The school’s official response to the situation has been very limited so far. They sent out an email three days before the USA TODAY story was released, attempting to reassure students and faculty that the school has resources for sexual assault survivors followed by instructions on what to do if contacted by the media.

“For media inquiries about campus policy, decisions, and similar, spokespeople are designated by News & Information. You should not speak to the media on behalf of the campus unless you have been designated to,” states the email. “This is important to maintain consistency and to ensure that questions are answered as completely as possible.”

That email is important because three days after the USA TODAY article was published, a dean who was quoted in the article speaking out against the school, was quietly relieved of his position as dean. The now-former dean, who wishes to remain anonymous, told the Lumberjack that he had already spoken to the reporter weeks prior to them sending out the notification not to talk to the media. That didn’t stop him from being demoted to a professor position, although officially, he was given no reasoning for the termination of his position.

The school has yet to address whether or not they plan on reconsidering Lee’s position. Lee still vehemently maintains his innocence and although he originally would not speak to the press, he recently issued a statement to the Lumberjack which is linked below. In this statement, Lee denies all accusations and claims the investigation conducted by the school was biased against him and didn’t provide the proper due process. Lee also claims he had evidence that was dismissed and believes the school treated him unfairly. He goes on to detail all the work he’s done for women and minorities on campus and how the pushback he received was really just because people disagree with his decisions supporting BIPOC and women.

Although the statement gets a little off-topic, he makes his stance clear, he is owning up to nothing. With the school making it so difficult for people to speak out, it’s unclear if we will ever see any change with the contracts here. However, the Lumberjack will continue to investigate this story as the situation unfolds and if anyone has any information regarding John Lee you can reach out to us at as well as the Campus Advocate Team’s 24/7 confidential line (707) 445-2881.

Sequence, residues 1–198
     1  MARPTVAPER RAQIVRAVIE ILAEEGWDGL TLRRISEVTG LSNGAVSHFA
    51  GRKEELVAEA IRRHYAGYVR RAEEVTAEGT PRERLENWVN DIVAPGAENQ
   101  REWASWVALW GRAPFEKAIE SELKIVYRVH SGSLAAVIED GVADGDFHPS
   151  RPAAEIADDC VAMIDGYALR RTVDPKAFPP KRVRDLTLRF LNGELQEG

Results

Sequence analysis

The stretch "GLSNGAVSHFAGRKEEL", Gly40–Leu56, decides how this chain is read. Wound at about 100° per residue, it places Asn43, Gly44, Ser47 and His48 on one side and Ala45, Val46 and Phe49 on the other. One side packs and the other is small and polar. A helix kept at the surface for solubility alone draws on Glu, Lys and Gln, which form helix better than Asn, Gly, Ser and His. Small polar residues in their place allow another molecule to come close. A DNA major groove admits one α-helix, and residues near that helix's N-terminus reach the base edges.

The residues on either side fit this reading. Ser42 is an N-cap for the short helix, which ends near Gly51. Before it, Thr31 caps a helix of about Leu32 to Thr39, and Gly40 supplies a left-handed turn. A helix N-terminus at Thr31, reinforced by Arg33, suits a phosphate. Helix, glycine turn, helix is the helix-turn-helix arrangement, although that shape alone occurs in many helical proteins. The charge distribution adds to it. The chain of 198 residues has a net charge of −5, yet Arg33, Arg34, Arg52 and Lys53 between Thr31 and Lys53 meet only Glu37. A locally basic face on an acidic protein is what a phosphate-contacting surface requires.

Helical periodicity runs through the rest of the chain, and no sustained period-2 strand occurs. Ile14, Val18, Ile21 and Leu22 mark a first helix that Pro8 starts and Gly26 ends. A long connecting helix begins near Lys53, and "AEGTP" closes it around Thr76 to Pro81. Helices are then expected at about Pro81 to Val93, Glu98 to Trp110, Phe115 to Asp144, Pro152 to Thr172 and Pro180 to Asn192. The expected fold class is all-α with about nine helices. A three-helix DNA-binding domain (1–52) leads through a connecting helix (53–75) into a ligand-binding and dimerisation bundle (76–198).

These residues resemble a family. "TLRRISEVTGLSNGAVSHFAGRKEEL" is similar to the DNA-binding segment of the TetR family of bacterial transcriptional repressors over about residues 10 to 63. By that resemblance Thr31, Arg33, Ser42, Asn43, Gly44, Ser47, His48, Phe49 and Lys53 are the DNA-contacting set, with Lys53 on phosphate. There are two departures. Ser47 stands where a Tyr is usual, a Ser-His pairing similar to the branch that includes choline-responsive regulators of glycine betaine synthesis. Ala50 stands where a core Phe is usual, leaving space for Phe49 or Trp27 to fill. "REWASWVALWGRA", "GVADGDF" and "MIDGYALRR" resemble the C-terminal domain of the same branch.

Official Statement give to The Lumberjack by John Lee

The allegations brought against me in 2015 are false. Like you, I condemn sexual harassment in any form. As I said back then and continue to maintain today, I did not sexually harass anyone. The allegation is simply untrue. The investigation conducted by the campus at the time was biased and flawed from the very beginning and in no way provided me due process. Evidence provided by me as well as testimony provided by others was ignored and dismissed. A few months after my appeal was denied, I was notified that my contract as dean was non-renewed. There was no cause mentioned for the non-renewal. My position was at will, so there were no legal avenues for me at the time. I had done nothing wrong, yet was told I was not to discuss the case, making it impossible for me to defend myself against the rumors I knew were spreading like wildfire.